Kurt Vonnegut Writing Styles in Mother Night

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Point of View

Vonnegut's Mother Night is told from a first-person narrative and it is a book within a book written by the narrator. Because the story is told this way, you only know events as the narrator recalls them; therefore, as a reader, you are forced to take the narrator at his word. As the story unfolds, the narrator discovers more about himself as does the reader. The book is centered on the narrator's experiences. He is the protagonist, but also his own worst enemy. The narrator spends time recounting his life and his encounters with the other characters. As he discovers more about who he really is, it is clear that the other characters are in the book to help reveal the narrator's true self. A common disadvantage of first-person narration is that a first-person narrator cannot adequately characterize himself or herself, but in this case, the...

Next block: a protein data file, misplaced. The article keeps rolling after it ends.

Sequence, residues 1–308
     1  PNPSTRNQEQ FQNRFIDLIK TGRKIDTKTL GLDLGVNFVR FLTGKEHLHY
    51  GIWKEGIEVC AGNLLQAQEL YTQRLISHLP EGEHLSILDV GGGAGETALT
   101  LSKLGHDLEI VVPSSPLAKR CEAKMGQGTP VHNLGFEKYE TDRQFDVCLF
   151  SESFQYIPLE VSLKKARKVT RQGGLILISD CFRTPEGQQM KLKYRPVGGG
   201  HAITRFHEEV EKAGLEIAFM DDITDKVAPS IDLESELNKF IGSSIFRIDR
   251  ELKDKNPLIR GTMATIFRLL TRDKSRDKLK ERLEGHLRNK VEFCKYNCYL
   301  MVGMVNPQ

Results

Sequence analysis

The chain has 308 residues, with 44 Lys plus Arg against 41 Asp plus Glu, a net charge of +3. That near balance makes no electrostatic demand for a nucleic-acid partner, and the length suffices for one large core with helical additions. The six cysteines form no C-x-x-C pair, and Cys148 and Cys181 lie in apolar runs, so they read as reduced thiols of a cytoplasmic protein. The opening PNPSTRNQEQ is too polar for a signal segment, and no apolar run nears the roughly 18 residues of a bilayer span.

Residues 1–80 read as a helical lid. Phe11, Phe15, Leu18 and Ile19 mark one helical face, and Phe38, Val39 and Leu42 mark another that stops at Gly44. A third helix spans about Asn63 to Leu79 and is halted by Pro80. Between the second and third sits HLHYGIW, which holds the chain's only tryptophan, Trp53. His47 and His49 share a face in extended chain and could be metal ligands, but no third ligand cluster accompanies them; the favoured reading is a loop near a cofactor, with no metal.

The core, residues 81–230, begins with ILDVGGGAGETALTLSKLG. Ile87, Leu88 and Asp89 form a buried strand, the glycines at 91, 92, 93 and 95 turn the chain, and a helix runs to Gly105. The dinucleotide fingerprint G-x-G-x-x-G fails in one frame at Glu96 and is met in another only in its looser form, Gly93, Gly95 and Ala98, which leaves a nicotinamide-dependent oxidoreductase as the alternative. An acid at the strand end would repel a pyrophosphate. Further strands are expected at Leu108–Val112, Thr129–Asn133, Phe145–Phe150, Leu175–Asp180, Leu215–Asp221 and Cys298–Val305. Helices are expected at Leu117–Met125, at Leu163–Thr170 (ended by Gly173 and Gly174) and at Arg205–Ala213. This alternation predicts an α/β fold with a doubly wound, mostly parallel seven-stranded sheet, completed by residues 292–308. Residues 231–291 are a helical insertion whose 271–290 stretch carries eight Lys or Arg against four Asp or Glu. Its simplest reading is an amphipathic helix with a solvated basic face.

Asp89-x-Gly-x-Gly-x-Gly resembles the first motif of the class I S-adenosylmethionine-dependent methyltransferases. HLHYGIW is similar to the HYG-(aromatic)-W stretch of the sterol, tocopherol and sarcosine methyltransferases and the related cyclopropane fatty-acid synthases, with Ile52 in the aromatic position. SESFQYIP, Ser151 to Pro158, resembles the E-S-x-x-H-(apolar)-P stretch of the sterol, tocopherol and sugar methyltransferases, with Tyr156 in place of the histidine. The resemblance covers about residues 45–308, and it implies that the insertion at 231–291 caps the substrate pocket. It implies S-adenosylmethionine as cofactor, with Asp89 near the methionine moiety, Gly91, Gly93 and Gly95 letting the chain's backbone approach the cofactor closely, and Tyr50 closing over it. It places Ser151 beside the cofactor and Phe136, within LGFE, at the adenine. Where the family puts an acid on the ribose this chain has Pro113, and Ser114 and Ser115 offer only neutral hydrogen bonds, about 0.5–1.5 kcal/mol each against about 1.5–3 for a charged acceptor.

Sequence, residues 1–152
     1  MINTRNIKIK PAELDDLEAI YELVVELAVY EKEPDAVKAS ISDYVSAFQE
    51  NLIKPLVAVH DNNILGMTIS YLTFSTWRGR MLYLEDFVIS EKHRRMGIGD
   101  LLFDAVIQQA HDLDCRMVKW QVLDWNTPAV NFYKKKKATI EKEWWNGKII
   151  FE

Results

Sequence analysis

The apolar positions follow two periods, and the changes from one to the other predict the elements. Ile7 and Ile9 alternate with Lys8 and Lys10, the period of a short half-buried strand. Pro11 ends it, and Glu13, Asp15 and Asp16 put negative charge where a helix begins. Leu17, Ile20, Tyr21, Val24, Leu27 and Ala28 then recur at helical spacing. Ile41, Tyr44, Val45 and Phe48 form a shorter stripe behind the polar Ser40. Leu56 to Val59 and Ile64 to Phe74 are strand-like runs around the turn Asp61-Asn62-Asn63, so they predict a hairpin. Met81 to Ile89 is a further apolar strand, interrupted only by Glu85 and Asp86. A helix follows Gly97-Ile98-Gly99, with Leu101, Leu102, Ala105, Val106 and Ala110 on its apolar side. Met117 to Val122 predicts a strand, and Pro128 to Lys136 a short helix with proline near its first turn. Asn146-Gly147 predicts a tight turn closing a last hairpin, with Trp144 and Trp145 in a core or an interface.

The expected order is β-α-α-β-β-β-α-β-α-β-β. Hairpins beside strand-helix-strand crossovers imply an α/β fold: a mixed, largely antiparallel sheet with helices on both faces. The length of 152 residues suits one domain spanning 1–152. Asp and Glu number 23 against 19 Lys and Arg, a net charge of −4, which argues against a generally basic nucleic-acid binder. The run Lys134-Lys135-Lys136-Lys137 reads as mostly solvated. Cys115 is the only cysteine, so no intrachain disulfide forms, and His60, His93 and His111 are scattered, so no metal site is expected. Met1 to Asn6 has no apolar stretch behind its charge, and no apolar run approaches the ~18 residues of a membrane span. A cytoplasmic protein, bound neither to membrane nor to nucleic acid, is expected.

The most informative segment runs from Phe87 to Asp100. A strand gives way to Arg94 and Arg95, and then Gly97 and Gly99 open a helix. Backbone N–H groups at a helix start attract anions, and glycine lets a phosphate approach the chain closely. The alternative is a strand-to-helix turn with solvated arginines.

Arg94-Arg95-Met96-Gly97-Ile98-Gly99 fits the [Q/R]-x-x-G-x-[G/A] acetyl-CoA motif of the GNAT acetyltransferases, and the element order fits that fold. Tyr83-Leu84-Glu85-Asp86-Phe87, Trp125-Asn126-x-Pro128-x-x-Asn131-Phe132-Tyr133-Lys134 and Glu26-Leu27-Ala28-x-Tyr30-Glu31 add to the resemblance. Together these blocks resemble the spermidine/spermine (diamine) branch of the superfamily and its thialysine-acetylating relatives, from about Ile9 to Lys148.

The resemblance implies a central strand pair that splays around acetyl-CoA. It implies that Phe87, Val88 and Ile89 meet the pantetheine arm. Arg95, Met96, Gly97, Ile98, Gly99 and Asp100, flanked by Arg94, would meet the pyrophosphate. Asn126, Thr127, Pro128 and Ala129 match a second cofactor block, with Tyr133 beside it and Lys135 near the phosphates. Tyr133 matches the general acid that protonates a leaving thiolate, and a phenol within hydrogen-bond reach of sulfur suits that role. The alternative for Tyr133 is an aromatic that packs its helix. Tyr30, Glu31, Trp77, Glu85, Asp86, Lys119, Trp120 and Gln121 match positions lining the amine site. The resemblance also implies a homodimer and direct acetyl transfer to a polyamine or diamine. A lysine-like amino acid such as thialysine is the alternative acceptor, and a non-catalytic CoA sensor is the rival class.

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This section contains 595 words
(approx. 2 pages at 400 words per page)
Buy the Mother Night Study Guide
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